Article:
Owen Davies’s Grimoires: A History of Magic Books took me a while to get through. But it’s a good thing this is a blog rather than a daily newspaper so I don’t just have to review the latest releases.
Usually “took me a while to get through” isn’t a compliment. In this case it very much is. The delay had more to do with my crazy schedule these last few months.
Every time I opened it back up to begin a new chapter I was eternally grateful all over again by their ‘completeness’. You actually can take a week in between chapters and not get horribly lost.
And, for time reasons, if that’s what you must do then it is substantially better than abandoning it because it is splendid.
Triumph Of The Moon splendid.
Little by little we are finally getting a history that has been expertly researched and critically analysed.
This isn’t however, a history of magic. It’s a history of magic books. Given the prominence of grimoires in the magical world (Solomon’s janitor keychain, Abramelin’s six month luxury retreat, etc), you would be hard pressed to find a better way to stitch together a narrative of western magic.
So we are clear, this is not what Davies is doing. This is what you -as a student and practitioner of magic- will be doing in your head as you read it.
The book runs more or less chronologically, covering Ancient texts up to the medieval period, the Catholic reaction to magic books, through the Renaissance and the Enlightenment all the way up to the modern age.
We all basically know the story -at least we know the beats. But this book shed blinding light on whole areas that I was previously only dimly aware of.
For me, this included just how much of an impact European grimoires had on emerging Afro-Caribbean beliefs, the export of magical books to the New World (pilgrims had grimoires!) and the arbitrary, geo-specific nature of which texts we now consider prominent and why.
…In Italy the Clavicule of Solomon was clearly the most ubiquitous and widely circulated grimoire. In early modern Venice versions were available not only in Latin and Italian, but French, English, and German, or a combination of them. The same holds true for Spain, and the copy confiscated from the priest in Gran Canaria in 1527 shows that wherever the Spanish clergy were to be found so too was the Clavicule. That other medieval hit, the Picatrix, circulated less widely, basically because it provided little practical help in conjuring and controlling demons. The Book of Honorius was popular amongst the practical magicians and diabolic dabblers of late-seventeenth-century Paris, but otherwise it was nowhere near as widespread as the Clavicule.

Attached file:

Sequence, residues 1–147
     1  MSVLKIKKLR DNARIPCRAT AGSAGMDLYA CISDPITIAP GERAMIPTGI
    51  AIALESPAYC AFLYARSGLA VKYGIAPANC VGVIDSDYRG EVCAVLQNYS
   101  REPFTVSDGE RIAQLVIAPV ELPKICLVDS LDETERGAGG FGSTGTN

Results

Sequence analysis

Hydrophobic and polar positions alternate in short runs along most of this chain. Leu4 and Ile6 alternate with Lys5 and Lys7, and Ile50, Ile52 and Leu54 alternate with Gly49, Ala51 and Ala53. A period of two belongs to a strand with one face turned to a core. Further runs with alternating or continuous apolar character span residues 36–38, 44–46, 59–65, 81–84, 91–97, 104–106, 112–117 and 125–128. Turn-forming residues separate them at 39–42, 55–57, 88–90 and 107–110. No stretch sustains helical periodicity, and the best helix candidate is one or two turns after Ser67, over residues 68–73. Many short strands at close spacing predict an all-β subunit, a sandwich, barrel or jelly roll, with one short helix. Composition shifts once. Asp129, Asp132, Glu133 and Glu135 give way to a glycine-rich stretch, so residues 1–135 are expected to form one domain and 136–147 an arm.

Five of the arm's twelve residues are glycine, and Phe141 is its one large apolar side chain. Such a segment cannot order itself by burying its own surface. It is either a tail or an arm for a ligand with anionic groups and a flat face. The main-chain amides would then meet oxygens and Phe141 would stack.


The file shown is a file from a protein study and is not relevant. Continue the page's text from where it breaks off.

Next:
It is important to point out that in the manuscript grimoire tradition few works were ever quite the same. There was no founding text, no print template for the Clavicule for instance. Over generations copyists added their own personal touches, taking bits out, adding information from other sources. Apart from the rare cases where copies were kept by the authorities rather than burned, whenever the Clavicule or other well-known grimoire is mentioned in a trial record we usually have little idea as to what it contained or looked like. Some clearly followed the template of the learned medieval examples. Others might have the name of Solomon on them but were basically magic scrapbooks, compilations of practical magic for dealing with witches, causing rain, seducing women, and the like, culled from manuals of exorcisms, orations, prayers, and oral sources of knowledge. Some were large, imposing leather-bound parchment tomes, while others were cheaply bound paper volumes, pocket-sized for ease of carrying and so that they could be hidden up the sleeve by itinerant cunning folk.
If you considered Triumph Of The Moon to be too-Anglocentric (which I think is slightly unfair because it’s not like Hutton promised otherwise) then you’ll adore this. It’s a veritable Benetton ad of magical history. Again, that has much to do with the fact that grimoires are certainly a more global phenomenon than other topics.
It’s a frankly gripping read for magical folk and I would suspect a big part of this is down to the respect Davies has for the material. He’s not a believer by any means, but he consistently refrains from patronising those who use grimoires, either in the past or in the modern day. He even takes the time to defend the Necronomicon’s authenticity. (In that all grimoires have a fake history, so in that sense it’s part of a three thousand year tradition.)
I can’t recommend this book highly enough. There are also a number of spells he uses as examples that can easily be picked up and used. Like Kalemaris. I’ll probably share a couple more of these in the coming few days but in the meantime do yourself a favour — if you haven’t already — and read this book.
The trip through history is breathtaking. I have this habit of debating magic with imaginary opponents in my head (don’t pretend you don’t) and the overriding impression I got from this book was: If magic is a modern invention, who was reading all this books over the last two thousand years? Because they were everywhere and in every language.
Davies — like Hutton — kills a few sacred cows. But as a result of this he leaves you with the best steak you could possibly eat.
Our history just got another cornerstone.
Source: Rune Soup